However, condensed milk that you make for yourself using this recipe does not have the large amounts of concentrated refined sugar.
This recipe allows for a healthier way to enjoy delicious recipes.
How Long Will Condensed Milk Keep?
Whether you're making your own condensed milk or buying the store bought version, it may have different expiration dates.
When you buy condensed milk, it's already in a can, which means it's going to last longer.
Making your own condensed milk and putting it in the fridge, means it's only going to last a few weeks. Make sure you mark the container with a date, so you know when you made it.
If you’ve tried this Homemade Sweetened Condensed Milk Recipe or any other recipe on Cultured Palate please take a minute to rate the recipe and leave a comment letting me know how you liked it. I love hearing from you! You can also FOLLOW ME on PINTEREST, FACEBOOK, INSTAGRAM, YouTube and TWITTER.
Sweetened Condensed Milk Substitute with Honey, Sucanat or Raw Sugar
- Mix the honey, sucanat or raw sugar and milk in a saucepan. Bring it to a low simmer over medium heat - stirring often to prevent burning and to dissolve the sweetener. Watch for steam to begin rising from the milk. When the steam begins rising, lower the heat to as low as possible. A skim may form on top - just scoop it off.
- Allow the mixture to reduce in volume by half. You can use a clean kitchen ruler to measure the amount. I could not find mine so I used a wooden popsicle stick, marked the level in the beginning and checked periodically until the level was half of what I started with. This step took 2 ½ hours.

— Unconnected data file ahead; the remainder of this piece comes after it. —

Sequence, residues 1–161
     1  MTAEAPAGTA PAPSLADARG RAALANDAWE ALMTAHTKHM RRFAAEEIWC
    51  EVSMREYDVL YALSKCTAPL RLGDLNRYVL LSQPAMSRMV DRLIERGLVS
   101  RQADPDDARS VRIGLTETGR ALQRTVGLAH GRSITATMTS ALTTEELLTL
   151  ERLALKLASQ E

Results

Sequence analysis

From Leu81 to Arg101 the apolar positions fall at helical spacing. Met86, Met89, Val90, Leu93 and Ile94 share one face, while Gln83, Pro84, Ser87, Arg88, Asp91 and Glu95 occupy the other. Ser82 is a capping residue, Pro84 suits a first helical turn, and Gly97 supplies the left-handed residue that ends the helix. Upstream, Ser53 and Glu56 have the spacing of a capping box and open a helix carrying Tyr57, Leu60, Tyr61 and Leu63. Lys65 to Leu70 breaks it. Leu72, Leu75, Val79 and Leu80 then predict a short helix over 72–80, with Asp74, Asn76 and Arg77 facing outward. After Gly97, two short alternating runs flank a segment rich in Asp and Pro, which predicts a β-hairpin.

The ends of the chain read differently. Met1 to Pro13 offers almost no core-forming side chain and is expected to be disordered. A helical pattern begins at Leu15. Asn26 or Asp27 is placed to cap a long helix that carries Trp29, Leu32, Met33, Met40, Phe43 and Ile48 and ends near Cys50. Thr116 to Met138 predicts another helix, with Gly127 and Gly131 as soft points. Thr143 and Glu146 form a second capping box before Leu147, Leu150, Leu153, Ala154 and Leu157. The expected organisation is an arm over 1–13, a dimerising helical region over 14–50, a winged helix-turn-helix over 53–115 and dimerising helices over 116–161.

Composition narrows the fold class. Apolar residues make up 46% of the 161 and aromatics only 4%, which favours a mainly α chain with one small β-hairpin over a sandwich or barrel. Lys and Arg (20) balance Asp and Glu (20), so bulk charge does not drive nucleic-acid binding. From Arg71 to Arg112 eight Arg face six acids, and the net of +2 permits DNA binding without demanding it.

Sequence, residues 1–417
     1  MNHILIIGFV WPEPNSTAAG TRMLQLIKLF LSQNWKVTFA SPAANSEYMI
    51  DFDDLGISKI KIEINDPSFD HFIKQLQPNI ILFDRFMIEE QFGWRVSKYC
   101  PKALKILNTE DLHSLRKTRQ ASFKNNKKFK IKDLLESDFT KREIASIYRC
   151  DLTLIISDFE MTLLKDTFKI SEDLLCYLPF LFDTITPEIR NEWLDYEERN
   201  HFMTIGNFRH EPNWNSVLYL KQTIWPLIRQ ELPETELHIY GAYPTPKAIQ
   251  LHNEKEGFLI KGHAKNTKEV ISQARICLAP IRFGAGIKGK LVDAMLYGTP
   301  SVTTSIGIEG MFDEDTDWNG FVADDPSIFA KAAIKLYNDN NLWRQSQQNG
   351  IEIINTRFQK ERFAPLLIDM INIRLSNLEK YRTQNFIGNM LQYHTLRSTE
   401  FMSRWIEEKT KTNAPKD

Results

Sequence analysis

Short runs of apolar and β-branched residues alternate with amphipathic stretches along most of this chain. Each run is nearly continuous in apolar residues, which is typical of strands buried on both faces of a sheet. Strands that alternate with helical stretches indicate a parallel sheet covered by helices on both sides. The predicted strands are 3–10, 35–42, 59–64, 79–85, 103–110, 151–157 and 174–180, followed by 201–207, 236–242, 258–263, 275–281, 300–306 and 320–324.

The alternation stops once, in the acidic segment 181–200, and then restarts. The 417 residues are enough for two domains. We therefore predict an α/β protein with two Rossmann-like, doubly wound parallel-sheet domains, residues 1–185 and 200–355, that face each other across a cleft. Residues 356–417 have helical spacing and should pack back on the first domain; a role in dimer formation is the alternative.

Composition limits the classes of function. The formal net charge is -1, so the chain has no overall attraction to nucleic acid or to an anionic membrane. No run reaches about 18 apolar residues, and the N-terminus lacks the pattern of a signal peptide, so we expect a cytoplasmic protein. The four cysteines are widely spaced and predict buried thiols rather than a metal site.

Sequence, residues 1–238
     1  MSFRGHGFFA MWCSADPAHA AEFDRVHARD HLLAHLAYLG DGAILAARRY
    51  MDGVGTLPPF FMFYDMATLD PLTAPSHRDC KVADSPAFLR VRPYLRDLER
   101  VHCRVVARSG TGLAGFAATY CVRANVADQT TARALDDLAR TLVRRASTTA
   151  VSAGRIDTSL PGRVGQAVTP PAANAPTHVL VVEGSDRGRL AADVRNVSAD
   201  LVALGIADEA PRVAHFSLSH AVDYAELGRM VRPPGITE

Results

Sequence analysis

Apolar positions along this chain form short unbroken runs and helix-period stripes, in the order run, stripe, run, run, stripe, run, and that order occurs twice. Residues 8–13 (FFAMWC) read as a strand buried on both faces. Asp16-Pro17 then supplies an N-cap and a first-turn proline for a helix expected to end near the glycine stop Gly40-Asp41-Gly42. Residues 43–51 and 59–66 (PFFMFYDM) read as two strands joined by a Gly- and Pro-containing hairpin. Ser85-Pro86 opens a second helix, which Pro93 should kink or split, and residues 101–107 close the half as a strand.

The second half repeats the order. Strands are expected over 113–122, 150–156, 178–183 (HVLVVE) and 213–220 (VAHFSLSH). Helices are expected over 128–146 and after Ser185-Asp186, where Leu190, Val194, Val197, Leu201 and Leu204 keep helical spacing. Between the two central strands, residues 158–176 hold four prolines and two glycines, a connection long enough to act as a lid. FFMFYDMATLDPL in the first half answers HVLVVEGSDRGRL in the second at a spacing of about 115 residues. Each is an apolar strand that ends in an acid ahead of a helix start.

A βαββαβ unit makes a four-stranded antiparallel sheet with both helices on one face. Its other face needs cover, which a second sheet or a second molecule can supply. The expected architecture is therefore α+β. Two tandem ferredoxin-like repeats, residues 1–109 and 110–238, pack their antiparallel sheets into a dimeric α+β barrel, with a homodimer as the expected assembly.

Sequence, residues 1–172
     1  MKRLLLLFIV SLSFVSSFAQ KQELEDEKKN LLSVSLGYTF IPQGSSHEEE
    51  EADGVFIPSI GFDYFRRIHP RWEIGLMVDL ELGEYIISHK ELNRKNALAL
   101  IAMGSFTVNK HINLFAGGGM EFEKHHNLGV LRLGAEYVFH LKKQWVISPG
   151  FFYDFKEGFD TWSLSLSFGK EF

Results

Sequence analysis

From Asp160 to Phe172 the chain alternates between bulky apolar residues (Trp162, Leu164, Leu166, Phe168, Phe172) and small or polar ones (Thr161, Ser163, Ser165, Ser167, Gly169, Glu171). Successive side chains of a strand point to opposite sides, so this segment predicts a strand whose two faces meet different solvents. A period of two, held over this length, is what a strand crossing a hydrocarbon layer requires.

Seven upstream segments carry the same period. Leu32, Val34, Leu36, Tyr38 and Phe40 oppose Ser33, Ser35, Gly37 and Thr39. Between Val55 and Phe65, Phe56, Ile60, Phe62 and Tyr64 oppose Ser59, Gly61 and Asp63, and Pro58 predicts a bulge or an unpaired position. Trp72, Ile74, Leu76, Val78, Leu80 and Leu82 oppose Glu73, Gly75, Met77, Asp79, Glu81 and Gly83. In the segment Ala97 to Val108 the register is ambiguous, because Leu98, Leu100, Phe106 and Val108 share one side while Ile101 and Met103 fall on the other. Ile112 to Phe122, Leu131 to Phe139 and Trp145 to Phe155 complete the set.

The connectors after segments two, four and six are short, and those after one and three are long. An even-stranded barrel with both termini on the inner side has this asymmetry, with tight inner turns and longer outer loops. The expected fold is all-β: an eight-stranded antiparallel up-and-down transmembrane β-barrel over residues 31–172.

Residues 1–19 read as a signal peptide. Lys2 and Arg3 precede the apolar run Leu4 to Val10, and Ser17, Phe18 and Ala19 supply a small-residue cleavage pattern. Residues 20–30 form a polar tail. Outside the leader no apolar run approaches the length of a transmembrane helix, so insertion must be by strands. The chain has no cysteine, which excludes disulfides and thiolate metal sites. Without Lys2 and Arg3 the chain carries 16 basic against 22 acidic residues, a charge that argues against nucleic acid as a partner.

- When the amount is half of what you started with, whisk in the butter and vanilla.
- Cool the sweetened condensed milk and use as desired or place in sterilized canning jars, put the lid on and place out of the way to allow it to seal. Finally, refrigerate any unused cans - they keep for several months.
A Few Tips For Making Homemade Sweetened Condensed Milk
- The final color of the sweetened condensed milk will change based on the sweetener you use.
- The sweetened condensed milk made with the sucanat actually started out darker than either of the other two while the honey-sweetened version became darker as it cooked.
- I used raw wildflower honey which does not have an exceptionally strong taste to begin with. Also, I strained the honey-sweetened condensed milk for a smoother consistency.
- Sucanat sweetened condensed milk sticks to the bottom of the pan much more quickly than the other two versions. So be sure to watch and stir!
What is Your Favorite Way to Use Sweetened Condensed Milk?
Leave a comment, I would love to know!